Standing in the kitchen of his Park Avenue apartment, Jamie Dimon poured himself a cup of coffee, hoping it might ease his headache. He was recovering from a slight hangover, but his headreally hurt for a different reason: He knew too much.It was just past 7:00 a.m. on the morning of Saturday, September 13, 2008. Dimon, the chief executive of JP Morgan Chase, the nation’s third-largest bank, had spent part of the prior eveningat an emergency, all-hands-on-deck meeting at the Federal Reserve Bank of New York with adozen of his rival Wall Street CEOs. Their assignment was to come up with a plan to save LehmanBrothers, the nation’s fourth-largest investment bank—or risk the collateral damage that mightensue in the markets.To Dimon it was a terrifying predicament that caused his mind to spin as he rushed homeafterward. He was already more than two hours late for a dinner party that his wife, Judy, washosting. He was embarrassed by his delay because the dinner was for the parents of theirdaughter’s boyfriend, whom he was meeting for the first time.
Honestly, I’m never this late,” he offered, hoping to elicit some sympathy. Trying to avoidsaying more than he should, still he dropped some hints about what had happened at the meeting.“You know, I am not lying about how serious this situation is,” Dimon told his slightly alarmedguests as he mixed himself a martini. “You’re going to read about it tomorrow in the papers.”As he promised, Saturday’s papers prominently featured the dramatic news to which he hadalluded. Leaning against the kitchen counter, Dimon opened the Wall Street Journal and read theheadline of its lead story: “Lehman Races Clock; Crisis Spreads.”Dimon knew that Lehman Brothers might not make it through the weekend. JP Morgan hadexamined its books earlier that week as a potential lender and had been unimpressed. He also haddecided to request some extra collateral from the firm out of fear it might fall. In the nexttwenty-four hours, Dimon knew, Lehman would either be rescued or ruined. Knowing what he did,however, Dimon was concerned about more than just Lehman Brothers. He was aware that MerrillLynch, another icon of Wall Street, was in trouble, too, and he had just asked his staff to make sureJP Morgan had enough collateral from that firm as well. And he was also acutely aware of newdangers developing at the global insurance giant American International Group (AIG) that so farhad gone relatively unnoticed by the public—it was his firm’s client, and they were scrambling toraise additional capital to save it. By his estimation AIG had only about a week to find a solution,or it, too, could falter.Of the handful of principals involved in the dialogue about the enveloping crisis—the governmentincluded—Dimon was in an especially unusual position. He had the closest thing to perfect,real-time information. That ”deal flo w” enabled him to identify the fraying threads in the fabric of the financial system, even in the safety nets that others assumed would save the day.Dimon began contemplating a worst-case scenario, and at 7:30 a.m. he went into his home libraryand dialed into a conference call with two dozen members of his management team.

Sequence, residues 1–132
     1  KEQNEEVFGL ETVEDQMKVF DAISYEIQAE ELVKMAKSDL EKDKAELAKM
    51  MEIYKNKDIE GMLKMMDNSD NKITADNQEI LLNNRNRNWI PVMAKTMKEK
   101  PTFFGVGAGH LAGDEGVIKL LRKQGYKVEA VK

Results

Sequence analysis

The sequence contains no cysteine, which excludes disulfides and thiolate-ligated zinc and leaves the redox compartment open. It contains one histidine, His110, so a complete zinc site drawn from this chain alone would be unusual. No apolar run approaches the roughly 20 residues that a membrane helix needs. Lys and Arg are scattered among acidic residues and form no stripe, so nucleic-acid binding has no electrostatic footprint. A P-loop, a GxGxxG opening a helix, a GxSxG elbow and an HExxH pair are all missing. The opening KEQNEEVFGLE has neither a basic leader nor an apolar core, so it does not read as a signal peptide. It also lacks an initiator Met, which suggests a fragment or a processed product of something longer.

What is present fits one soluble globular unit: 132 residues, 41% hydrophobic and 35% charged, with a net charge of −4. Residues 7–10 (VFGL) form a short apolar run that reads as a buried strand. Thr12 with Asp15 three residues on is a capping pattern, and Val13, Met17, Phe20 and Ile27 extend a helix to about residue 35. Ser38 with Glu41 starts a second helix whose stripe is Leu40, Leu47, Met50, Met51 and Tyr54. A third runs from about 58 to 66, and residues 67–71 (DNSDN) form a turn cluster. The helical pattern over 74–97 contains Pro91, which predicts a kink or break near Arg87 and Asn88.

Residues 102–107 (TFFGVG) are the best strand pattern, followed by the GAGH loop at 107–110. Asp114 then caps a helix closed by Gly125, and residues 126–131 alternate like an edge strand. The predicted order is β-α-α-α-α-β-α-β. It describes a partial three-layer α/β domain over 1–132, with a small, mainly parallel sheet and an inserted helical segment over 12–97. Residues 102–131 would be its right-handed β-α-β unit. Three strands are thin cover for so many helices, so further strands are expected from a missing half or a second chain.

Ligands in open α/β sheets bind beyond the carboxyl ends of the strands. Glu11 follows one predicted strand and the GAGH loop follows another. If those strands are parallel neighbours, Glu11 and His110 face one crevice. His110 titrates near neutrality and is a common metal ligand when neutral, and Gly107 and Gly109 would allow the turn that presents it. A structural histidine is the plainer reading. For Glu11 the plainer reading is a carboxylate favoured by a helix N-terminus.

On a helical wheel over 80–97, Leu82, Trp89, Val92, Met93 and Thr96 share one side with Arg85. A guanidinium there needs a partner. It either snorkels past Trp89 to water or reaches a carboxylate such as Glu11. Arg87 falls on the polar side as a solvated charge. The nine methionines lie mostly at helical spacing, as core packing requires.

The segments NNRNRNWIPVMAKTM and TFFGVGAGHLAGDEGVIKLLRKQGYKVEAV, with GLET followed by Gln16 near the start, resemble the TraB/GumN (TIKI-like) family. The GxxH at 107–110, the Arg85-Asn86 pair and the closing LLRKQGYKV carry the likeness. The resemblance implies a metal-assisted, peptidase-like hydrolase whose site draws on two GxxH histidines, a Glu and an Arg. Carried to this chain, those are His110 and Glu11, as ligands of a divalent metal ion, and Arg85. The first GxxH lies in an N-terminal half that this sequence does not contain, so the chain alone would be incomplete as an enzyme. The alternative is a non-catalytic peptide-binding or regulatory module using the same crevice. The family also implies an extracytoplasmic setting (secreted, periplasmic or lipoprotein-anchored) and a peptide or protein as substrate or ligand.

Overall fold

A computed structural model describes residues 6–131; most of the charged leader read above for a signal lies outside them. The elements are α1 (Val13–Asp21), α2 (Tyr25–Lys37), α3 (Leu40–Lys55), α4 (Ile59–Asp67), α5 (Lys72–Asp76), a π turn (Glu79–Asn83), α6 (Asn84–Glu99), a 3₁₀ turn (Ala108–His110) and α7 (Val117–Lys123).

You are about to experience the most unbelievable week in America ever, and we have toprepare for the absolutely worst case,” Dimon told his staff. “We have to protect the firm. This isabout our survival.”His staff listened intently, but no one was quite certain what Dimon was trying to say.Like most people on Wall Street—including Richard S. Fuld Jr., Lehman’s CEO, who enjoyed one